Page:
Curry Murray loves beets and asked Nutmeg specifically for an article on beets.
So here are some of the facts right from Wikipedia:
The beet (Beta vulgaris) is a plant in the amaranth family. It is best known in its numerous cultivated varieties, the most well known of which is probably the red root vegetable known as the beetroot or garden beet. However, other cultivated varieties include the leaf vegetables chard and spinach beet, as well as the root vegetables sugar beet, which is important in the production of table sugar, and mangelwurzel, which is a fodder crop.
The beet has a long history of cultivation stretching back to the second millennium BC. The plant was probably domesticated somewhere along the Mediterranean, whence it was later spread to Babylonia by the 8th century BC and as far east as China by 850 AD. Available evidence, such as that provided by Aristotle and Theophrastus suggests that the leafy varieties of the beet were grown primarily for most of its history, though these lost much of their popularity much later following the introduction of spinach. The beet became highly commercially important in 19th century Europe following the development of the sugar beet in Germany and the discovery that sucrose could be extracted from them, providing an alternative to tropical sugar cane. It remains a widely cultivated commercial crop for producing table sugar.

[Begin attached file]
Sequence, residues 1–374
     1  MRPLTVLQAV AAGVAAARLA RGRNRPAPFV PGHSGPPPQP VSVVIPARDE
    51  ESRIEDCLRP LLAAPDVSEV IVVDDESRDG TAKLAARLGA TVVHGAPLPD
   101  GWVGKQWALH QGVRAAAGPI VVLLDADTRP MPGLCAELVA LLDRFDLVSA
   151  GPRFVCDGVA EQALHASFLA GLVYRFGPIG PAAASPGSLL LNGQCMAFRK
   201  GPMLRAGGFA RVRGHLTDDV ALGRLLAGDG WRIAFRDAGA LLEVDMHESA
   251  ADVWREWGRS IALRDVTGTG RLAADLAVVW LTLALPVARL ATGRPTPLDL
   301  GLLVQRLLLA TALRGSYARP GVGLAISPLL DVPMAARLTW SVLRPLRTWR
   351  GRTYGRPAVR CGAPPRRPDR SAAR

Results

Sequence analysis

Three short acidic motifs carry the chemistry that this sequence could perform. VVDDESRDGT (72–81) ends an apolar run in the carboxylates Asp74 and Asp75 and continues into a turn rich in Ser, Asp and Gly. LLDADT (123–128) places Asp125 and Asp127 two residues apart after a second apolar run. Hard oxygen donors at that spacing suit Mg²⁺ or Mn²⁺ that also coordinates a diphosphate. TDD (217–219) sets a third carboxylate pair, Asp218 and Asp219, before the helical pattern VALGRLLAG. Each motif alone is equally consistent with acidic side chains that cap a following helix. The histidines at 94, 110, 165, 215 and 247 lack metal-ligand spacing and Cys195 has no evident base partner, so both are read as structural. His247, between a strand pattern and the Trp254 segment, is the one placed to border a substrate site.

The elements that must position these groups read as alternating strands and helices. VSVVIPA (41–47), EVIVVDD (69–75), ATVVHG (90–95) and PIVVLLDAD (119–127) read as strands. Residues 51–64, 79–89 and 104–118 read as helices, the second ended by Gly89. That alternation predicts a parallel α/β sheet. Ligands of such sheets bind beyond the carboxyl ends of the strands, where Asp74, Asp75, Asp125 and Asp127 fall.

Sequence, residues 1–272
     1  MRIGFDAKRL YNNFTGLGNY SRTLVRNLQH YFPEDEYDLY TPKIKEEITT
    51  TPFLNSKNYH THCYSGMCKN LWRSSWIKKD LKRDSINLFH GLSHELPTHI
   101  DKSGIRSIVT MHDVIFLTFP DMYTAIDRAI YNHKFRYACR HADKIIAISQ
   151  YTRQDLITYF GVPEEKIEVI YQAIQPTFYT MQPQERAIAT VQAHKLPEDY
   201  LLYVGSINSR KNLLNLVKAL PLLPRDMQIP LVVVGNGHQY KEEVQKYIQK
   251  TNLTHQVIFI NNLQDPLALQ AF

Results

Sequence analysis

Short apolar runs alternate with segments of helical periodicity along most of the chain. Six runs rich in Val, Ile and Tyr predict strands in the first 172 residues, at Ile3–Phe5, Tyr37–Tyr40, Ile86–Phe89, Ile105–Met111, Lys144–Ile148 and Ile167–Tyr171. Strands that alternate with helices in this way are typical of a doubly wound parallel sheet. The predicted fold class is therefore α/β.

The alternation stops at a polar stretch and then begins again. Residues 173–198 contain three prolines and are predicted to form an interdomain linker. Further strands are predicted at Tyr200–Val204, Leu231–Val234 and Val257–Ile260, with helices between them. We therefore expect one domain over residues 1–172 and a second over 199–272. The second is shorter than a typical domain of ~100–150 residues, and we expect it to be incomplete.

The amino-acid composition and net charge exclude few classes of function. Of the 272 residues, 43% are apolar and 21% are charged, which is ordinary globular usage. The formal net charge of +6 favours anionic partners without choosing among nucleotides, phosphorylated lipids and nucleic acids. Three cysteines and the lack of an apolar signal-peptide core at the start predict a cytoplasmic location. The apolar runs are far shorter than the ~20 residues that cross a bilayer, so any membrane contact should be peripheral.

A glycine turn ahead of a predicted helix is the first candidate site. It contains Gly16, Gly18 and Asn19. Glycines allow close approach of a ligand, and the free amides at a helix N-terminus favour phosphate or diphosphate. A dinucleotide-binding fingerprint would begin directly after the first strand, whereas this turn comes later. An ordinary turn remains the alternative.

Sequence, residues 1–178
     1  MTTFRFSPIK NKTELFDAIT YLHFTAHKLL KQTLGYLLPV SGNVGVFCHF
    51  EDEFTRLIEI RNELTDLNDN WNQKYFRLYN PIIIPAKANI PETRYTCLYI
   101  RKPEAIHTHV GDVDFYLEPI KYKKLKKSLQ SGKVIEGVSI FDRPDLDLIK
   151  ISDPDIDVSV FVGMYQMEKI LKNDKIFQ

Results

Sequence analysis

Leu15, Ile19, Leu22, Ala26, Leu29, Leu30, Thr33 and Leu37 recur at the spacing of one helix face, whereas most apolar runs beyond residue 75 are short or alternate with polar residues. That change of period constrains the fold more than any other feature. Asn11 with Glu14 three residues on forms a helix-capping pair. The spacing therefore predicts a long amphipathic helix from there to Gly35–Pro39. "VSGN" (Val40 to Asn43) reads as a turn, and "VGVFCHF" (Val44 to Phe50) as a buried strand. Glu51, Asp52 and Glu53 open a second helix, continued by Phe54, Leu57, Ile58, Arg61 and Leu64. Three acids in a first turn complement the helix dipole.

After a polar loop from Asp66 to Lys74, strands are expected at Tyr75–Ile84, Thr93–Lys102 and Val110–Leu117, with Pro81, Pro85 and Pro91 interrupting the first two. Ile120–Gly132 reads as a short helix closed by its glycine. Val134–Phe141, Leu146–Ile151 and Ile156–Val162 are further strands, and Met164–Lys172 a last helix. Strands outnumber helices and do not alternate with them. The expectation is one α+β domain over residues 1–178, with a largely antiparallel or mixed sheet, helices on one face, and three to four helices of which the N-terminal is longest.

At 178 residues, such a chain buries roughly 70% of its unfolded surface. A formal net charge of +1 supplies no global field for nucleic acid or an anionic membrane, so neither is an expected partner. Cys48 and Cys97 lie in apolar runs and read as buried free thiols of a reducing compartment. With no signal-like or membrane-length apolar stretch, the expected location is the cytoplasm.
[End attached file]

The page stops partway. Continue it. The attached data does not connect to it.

Beets are good for you too:
- The roots and leaves of the beet have been used in folk medicine to treat a wide variety of ailments.
- The Romans used beetroot as a treatment for fevers and constipation, amongst other ailments. They also considered it an aphrodisiac.
- Beet juice can help lower blood pressure.
- Beets have been used as a treatment for cancer in Europe for several centuries.
They are easy to cook, you can simply wrap them in tin foil and bake in the oven until tender, the outer-skin will peel off very easily at that point.
Nutmeg loves beets in salad with either a soft goat cheese or something salty like a feta. The other classic use for beets is in Borscht (beet and cabbage) soup, Nutmeg is on the hunt for a good recipe.
So do you love Beets? Let us know.